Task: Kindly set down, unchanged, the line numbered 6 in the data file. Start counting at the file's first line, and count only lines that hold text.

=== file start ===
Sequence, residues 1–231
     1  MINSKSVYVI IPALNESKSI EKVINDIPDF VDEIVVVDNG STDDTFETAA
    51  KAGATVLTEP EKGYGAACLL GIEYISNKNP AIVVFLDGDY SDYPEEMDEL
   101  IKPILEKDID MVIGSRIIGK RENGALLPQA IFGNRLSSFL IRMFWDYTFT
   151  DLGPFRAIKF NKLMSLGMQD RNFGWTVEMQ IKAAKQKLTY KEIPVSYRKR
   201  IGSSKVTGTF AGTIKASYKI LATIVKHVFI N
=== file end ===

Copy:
   201  IGSSKVTGTF AGTIKASYKI LATIVKHVFI N